measles 2 by xiagong0815

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									   Measles is a highly infectious viral illness.
Anyone can get measles if they haven't been vaccinated or had it
before, although it's most common in children aged between one
and four years old.
The measles virus is contained in the millions of tiny droplets that
come out of the nose and mouth when an infected person coughs or
sneezes.
The virus spreads very easily, and measles is caused by breathing
in these droplets or by touching a surface that has been
contaminated with the droplets and then placing your hands near
your nose or mouth.
The initial symptoms of measles include:
• cold-like symptoms
• red eyes and sensitivity to light
• fever
• greyish white spots in the mouth and throat
After a few days a red-brown spotty rash will appear. It usually
starts behind the ears, then spreads around the head and neck
before spreading to the legs and the rest of the body.
Look at our childhood conditions slideshow to see what the
measles rash looks like.
When to see your GP
Most childhood rashes are not measles, but you should see your
GP if you notice the above symptoms and suspect it's measles.
Measles is a notifiable disease, which means that any doctor who
diagnoses the infection must inform the local health authority in
order to identify the source of the infection and stop it spreading.
If you notice any additional symptoms while your child has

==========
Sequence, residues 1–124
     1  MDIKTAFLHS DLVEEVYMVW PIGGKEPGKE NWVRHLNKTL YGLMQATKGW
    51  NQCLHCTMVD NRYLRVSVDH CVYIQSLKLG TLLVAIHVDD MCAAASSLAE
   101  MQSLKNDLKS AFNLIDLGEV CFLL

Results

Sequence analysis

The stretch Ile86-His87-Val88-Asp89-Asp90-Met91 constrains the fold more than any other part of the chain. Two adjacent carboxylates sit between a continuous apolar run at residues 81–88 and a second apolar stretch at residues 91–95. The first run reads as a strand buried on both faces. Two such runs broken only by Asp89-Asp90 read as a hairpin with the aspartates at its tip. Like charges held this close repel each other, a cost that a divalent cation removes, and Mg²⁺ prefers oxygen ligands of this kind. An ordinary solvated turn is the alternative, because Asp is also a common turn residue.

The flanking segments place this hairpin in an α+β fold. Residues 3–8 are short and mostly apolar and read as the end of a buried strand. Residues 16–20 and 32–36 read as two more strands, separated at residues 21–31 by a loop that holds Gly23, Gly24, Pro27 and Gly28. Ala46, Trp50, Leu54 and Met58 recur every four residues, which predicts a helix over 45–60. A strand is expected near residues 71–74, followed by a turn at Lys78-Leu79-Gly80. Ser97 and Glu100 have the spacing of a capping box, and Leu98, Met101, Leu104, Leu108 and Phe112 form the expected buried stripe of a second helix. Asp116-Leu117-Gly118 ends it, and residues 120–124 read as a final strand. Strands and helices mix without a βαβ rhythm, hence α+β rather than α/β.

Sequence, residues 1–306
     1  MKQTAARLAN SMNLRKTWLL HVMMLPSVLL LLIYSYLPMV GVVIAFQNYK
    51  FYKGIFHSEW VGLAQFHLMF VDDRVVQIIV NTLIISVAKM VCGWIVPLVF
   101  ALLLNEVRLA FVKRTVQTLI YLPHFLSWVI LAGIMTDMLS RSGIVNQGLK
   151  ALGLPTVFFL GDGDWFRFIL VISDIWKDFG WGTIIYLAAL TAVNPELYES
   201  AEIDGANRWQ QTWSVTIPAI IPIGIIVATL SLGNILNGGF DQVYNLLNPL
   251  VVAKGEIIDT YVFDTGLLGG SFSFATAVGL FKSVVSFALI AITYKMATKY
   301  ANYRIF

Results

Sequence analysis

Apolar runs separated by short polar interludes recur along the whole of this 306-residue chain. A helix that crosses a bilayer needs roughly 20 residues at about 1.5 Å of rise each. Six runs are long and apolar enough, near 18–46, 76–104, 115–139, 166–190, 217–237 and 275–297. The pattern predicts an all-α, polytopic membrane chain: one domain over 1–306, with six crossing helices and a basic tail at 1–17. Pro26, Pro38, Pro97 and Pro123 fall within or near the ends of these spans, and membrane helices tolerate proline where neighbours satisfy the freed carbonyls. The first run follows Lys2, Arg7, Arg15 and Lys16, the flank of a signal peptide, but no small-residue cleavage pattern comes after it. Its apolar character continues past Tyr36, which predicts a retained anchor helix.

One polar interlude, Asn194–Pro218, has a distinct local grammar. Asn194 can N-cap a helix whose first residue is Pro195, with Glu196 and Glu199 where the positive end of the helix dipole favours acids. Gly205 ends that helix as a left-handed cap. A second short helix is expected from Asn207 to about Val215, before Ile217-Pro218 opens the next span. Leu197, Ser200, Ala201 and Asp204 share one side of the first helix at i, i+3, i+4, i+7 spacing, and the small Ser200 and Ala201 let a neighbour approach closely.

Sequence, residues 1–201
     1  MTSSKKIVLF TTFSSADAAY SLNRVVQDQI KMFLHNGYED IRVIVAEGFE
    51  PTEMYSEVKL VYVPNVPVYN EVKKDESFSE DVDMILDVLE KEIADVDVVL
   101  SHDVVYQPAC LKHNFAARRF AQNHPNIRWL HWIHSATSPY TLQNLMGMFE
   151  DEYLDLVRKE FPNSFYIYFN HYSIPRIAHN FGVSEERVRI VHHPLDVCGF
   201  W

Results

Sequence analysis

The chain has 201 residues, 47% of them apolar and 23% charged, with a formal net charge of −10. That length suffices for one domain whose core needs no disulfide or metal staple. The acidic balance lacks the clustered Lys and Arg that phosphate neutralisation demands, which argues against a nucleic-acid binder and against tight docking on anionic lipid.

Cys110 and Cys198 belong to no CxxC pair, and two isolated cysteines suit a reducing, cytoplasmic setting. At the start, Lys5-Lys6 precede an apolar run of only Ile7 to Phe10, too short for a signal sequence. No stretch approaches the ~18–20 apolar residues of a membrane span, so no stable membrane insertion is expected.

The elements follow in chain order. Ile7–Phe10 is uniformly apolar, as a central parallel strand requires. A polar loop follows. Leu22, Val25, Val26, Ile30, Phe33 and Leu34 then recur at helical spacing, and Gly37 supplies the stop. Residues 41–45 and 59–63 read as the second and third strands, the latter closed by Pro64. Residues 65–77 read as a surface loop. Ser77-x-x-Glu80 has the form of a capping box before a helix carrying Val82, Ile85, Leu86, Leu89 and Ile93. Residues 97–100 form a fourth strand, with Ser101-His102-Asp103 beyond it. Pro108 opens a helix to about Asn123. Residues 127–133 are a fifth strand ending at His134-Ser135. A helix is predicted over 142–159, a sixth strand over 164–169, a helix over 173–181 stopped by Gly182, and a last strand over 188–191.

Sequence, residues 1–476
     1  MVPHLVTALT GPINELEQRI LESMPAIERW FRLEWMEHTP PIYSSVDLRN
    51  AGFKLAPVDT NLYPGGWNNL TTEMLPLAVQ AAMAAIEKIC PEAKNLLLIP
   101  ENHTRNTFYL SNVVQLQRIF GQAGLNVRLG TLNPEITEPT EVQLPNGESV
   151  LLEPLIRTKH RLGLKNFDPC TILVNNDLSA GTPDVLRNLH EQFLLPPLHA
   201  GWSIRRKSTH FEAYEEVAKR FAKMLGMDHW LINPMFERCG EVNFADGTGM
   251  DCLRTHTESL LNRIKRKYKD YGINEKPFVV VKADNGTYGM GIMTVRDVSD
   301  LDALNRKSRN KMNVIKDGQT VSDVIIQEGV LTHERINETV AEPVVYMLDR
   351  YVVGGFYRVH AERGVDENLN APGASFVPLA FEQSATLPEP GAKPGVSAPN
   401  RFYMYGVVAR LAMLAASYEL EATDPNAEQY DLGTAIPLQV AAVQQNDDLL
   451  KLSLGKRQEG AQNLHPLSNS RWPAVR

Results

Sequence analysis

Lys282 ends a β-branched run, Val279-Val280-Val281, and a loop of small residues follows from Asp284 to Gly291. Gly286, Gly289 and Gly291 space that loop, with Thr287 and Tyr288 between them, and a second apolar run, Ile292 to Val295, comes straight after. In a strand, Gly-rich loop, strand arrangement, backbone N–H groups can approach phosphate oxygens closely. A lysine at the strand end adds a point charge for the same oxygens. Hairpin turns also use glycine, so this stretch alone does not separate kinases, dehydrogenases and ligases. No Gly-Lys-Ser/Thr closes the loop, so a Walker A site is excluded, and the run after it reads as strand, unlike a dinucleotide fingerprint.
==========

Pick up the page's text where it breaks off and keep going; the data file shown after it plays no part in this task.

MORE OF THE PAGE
measles, you should seek urgent medical attention.
Measles can be extremely unpleasant and can lead to
complications such as meningitis and pneumonia. In very rare
cases people have died from measles.
Read more about the complications of measles.
Treating measles
There is no specific treatment for measles and your immune
system should usually fight off infection within a couple of weeks.
If your child has measles, there are a number of things you can do
to help make them feel more comfortable, including:
• closing the curtains to help reduce light sensitivy
• using damp cotton wool to clean the eyes
• taking paracetamol or ibuprofen to relieve fever, aches and pains
• drinking plenty of water to avoid dehydration
In severe cases of measles, especially if there are complications,
hospital treatment will be needed.
Read more about treating measles.
Although vaccinated children are unlikely to catch it, you should
keep your child away from other children for at least five days
after the rash has appeared.
Once you have fought off the measles infection, you develop
immunity (resistance) to it.
MMR
The most effective way of preventing measles is the measles,
mumps and rubella (MMR) vaccine.
The first MMR vaccination should be given at around 13 months
of age. A booster is given before your child starts school.
If your child is younger than 13 months and you think they may
have been exposed to the measles virus, see your GP
immediately. The MMR may be given if they are over six months,
or they may be given antibodies for immediate protection if they
are younger than six months.
Measles and pregnancy
If you are planning to get pregnant and you have not had measles,
arrange with your GP to have the MMR vaccine.
If you catch measles during pregnancy, it can be passed on to your
baby, which can be very damaging or even fatal to your baby.
Measles in pregnancy can cause miscarriage, premature labour or a
baby with low birthweight. The MMR jab cannot be given during
pregnancy.
Now read about symptoms of measles and watch a video about a
mother's experience of her daughter having measles.

								
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